I’m running because our current way of deciding housing policy isn’t addressing the needs of our families. I will reject any custom, however ingrained, that prevents us from building new affordable homes. As mentioned in an earlier question I would work with the Mayor Office of Housing, State Agencies, SFUSD, CCSF, and other Supervisors to take a citywide inventory of all “Opportunity Sites” across all districts for potential places to build housing (not limited to surface parking lots, clustered gas stations, vacant lots, underutilized city property, unhealthy fast food restaurants, shopping malls, BART/Caltrain hubs).

How would you strengthen tenant protections? Give us a few policy ideas you think would be most impactful. Feel free to explore issues such as Right to Civil Counsel, your position on Costa Hawkins, etc.

First off every approved project in the city should avoid displacement at all costs. Tenant protections are important because evictions are so devastating. For that reason, it’s imperative that we keep the cost of housing down. Because of our inability to build new homes, tenant lives are being turned upside down. All tenants deserve tools like the right to civil counsel, but the most immediate solution to our tenant crisis is to build.  I support funding non-profits like Open Door Legal (in Bayview) that provide universal access to legal services including unfair evictions. We must also explore ways to strengthen protections for vulnerable populations like seniors, families with children in enrolled in school, formerly homeless, persons living with disabilities, etc. It is also important to include our public housing residents who are often overlooked. As the re-envisioning is underway, residents still need certainty and reassurance that they can remain in SF.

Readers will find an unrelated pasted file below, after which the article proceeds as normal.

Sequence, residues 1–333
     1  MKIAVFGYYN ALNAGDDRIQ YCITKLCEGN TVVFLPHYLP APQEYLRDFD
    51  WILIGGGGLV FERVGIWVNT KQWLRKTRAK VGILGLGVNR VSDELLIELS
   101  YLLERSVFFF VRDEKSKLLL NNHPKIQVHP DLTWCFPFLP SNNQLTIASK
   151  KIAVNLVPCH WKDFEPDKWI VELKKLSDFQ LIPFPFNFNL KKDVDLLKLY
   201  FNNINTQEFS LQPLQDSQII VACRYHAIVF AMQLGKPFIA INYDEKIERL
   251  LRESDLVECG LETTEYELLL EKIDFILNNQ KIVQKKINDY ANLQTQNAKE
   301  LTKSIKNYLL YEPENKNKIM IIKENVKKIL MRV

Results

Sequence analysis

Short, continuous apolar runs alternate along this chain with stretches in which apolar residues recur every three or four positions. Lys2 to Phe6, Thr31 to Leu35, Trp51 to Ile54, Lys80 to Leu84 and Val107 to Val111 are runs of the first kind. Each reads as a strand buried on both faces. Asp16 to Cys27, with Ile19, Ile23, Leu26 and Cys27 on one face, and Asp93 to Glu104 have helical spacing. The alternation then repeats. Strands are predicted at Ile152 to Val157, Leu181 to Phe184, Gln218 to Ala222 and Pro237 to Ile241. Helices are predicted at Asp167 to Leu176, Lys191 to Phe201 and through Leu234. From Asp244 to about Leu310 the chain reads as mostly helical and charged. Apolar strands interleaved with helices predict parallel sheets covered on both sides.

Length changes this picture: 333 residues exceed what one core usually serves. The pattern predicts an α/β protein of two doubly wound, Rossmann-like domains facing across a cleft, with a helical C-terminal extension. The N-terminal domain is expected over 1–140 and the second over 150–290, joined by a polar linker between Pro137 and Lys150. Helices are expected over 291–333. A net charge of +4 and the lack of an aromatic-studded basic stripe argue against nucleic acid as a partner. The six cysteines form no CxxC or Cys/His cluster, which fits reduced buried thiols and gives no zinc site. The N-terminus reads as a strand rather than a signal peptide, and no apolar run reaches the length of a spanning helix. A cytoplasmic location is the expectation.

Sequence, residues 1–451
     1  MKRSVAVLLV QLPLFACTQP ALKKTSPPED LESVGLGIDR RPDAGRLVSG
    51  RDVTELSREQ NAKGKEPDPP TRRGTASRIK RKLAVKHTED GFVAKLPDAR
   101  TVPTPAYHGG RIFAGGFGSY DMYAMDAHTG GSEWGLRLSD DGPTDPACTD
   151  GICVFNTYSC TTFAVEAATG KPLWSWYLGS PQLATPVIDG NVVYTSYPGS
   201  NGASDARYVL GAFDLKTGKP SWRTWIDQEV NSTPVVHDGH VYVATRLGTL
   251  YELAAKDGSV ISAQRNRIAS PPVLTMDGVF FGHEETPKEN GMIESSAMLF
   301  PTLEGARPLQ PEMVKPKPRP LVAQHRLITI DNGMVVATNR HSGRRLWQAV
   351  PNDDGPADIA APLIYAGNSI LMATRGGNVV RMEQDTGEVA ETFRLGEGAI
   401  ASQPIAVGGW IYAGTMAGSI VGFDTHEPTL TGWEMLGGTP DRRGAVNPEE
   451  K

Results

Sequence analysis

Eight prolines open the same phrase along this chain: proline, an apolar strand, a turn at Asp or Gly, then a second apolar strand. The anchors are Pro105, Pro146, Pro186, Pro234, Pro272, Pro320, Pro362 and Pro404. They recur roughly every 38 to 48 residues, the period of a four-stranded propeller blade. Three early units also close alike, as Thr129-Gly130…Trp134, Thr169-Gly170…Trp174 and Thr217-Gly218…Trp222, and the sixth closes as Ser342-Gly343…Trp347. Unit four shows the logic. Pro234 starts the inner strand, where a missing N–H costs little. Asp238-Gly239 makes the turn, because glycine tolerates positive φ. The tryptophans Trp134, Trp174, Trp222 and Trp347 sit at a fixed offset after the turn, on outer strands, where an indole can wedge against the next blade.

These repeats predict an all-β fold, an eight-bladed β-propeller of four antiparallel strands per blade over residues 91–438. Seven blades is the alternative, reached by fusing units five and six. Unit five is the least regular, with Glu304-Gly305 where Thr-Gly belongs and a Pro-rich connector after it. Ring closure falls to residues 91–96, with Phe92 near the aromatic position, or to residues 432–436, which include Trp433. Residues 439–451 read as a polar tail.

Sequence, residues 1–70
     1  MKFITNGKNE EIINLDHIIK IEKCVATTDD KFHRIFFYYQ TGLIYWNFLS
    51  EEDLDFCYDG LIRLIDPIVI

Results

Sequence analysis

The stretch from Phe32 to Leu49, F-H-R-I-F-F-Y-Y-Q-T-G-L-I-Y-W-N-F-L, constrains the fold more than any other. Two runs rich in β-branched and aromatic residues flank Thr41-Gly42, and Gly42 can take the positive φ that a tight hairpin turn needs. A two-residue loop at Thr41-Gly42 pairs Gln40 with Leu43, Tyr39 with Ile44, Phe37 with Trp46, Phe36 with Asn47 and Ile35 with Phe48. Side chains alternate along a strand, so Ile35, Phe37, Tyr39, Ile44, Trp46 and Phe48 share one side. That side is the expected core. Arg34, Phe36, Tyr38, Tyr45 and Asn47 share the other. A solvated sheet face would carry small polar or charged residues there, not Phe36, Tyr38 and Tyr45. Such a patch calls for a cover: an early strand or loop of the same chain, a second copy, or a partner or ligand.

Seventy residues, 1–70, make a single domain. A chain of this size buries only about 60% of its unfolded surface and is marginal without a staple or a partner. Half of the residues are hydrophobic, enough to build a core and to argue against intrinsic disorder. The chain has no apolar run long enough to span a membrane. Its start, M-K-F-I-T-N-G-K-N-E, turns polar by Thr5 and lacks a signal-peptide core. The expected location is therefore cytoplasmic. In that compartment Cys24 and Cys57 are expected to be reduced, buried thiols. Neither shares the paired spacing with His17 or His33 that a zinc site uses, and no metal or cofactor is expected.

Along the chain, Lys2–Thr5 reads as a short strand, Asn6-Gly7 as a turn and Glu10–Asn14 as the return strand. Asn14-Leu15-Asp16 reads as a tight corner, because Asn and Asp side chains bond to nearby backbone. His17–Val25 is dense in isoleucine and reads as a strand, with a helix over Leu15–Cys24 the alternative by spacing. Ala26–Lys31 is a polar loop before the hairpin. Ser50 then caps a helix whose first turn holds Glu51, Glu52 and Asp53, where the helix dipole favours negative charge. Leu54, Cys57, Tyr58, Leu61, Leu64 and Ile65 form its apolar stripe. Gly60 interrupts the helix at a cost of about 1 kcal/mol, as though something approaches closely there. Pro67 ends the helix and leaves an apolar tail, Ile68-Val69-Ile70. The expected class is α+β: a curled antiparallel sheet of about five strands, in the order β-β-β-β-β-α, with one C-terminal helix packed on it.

Do you support a vacancy tax for empty units and/or undeveloped parcels? Cities like Paris and Vancouver collect vacancy taxes on homes that are not the primary residences of their owners in an attempt to encourage use of those units. Other municipalities are exploring taxes on vacant parcels to encourage development. What are your thoughts?

I support a vacancy tax, which will encourage more development of homes for families in my district.

Do you support the repeal or reform of Proposition 13? Prop. 13 is a state law that caps property taxes at 1% of their assessed value at purchase. The law allows only property tax reassessment increases up to 2% per year or allows reassessment if the property changes ownership by being sold (but not inherited). The law also requires state and local tax increases to be approved by a two-thirds majority. Please speak about your position on both commercial and residential Prop 13.